HOLMEN — Isaac Stuessel was a disruption from the start, and that was a bad thing for the Holmen High School football team on Friday.
The Vikings spent most of the fourth quarter trying to battle back from an 18-point deficit, and their last crack at maintaining an unbeaten MVC record came down to a fourth-and-20 play from Sparta’s 26-yard line with 13.9 seconds on the clock.
“I asked the coaches if I could go (after quarterback Cameron Weber),” Stuessel said. “We had another player on the field in the secondary to play it safe, and I wanted to go after him.”
Stuessel had two shots at Weber, and Weber escaped the first one. But there was so much defensive pressure that Weber couldn’t escape him a second time.
When Stuessel dragged Weber to the ground with a couple of ticks left on the clock, the Spartans secured a 25-20 at Empire Stadium, a place they hadn’t won since 2007.
The victory kept Sparta (7-1, 5-1) in the running for its first MVC championship, but it needs some help from the team it just beat to make that happen.
The Vikings (6-2, 4-1) travel to first-place Onalaska (7-1, 4-1) to close out the season on Friday with the hope of forcing a three-way tie for the title.
But as well as Sparta played in earning a second straight win over Holmen, the Vikings were burned by too many mistakes.
Holmen controlled the clock — it had the ball more than 10 minutes longer than the Spartans — and did what it wanted to do with a triple-option attack that rolled up 271 rushing yards and gained 25 first downs.
Three lost fumbles were the key, and Stuessel got in on that act, too, by returning one of them for a touchdown in the third quarter.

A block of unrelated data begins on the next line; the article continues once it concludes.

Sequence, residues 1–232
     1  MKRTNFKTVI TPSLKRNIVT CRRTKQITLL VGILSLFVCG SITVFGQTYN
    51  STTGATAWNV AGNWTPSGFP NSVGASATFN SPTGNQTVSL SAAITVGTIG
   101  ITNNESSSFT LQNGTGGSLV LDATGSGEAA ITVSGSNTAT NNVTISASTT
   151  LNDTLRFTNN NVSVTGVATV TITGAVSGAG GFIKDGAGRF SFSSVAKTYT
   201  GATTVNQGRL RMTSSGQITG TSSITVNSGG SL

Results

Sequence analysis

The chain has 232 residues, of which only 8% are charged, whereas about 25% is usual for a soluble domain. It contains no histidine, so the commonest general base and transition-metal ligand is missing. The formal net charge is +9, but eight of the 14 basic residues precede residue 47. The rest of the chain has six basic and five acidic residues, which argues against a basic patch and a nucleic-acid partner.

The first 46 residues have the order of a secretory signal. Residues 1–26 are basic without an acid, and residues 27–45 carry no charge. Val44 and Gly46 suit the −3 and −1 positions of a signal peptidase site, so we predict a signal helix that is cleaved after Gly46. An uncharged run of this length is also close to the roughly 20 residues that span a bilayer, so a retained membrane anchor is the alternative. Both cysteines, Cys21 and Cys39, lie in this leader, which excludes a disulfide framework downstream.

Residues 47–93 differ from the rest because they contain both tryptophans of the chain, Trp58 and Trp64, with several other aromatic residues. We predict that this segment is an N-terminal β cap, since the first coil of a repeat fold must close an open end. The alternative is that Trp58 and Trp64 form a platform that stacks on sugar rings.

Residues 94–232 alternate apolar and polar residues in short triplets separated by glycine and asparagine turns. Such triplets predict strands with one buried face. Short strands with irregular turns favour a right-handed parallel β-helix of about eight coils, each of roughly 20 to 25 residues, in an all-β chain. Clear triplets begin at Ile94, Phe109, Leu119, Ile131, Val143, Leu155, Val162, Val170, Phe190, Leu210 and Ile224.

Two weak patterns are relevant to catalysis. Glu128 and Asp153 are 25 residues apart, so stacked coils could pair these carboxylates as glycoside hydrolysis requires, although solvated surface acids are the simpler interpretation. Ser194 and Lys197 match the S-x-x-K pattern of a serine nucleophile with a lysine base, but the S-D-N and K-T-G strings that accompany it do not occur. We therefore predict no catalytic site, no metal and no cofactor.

“We were driving the ball right down the field,” Holmen coach Travis Kowalski said. “We got inside the 20 right away and lost it. Then, they had the scoop-and-score. They made plays.”
Holmen ran 71 plays to Sparta’s 43, but the fumbles were too much to overcome.
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The first was at Sparta’s 17-yard line on the opening drive. Sparta quarterback Cole Wisniewski made it a big recovery immediately by running 45 yards on first down. He added a 30-yard run and eventually scored from the 4 to give the Spartans the early lead.
The second fumble came after a 15-yard pass from Weber to Isaac Elsen that moved the ball to the Sparta 11. Elsen only had the ball for a split second before it came loose and shot into the end zone, where Wisniewski recovered it for a touchback.
The last came 32 seconds after the Spartans took a 12-7 lead and was returned 35 yards by Stuessel, who quickly gave his team an 18-7 lead.
“I thought about falling on it, but I decided to go for it,” Stuessel said. “I had to make sure I picked it up (clean). “I’m not the fastest guy, especially compared to these Holmen guys, but we got the touchdown.”
The Vikings didn’t have the same chances to make big plays, but they did a great job of moving the ball within their offense. They ran it the way they expected, and Weber even completed a few passes again.
But they couldn’t escape the turnovers, and Sparta — a team that thrives on making big plays — made them pay.
“This team (Holmen) hadn’t been scored on the last three weeks,” Wisniewski said. “We put up 25 with a defensive score and three touchdowns from our offense.
“That’s what we need going into the playoffs. This gives us a lot of momentum moving forward.”
Wisniewski rushed for 105 yards — Nick Kent’s 107 led the team — and completed just 1 of 3 pass attempts for 2 yards. Kent ran hard, and Corbin Hauser added a 31-yard TD run in the third to hand Holmen a 25-7 deficit going to the fourth quarter.
The fourth-quarter comeback by the Vikings was something to see, but the final two possessions were stopped by the Spartans.
“We did exactly what we needed to do, but we didn’t punch the ball in the end zone,” Kowalski said. “That’s exactly what we did (against Sparta) last year, exactly what we did against Menomonie (this year) and exactly what we did against Menomonie last year.
“It’s ridculous. You aren’t going to win games with three turnovers.”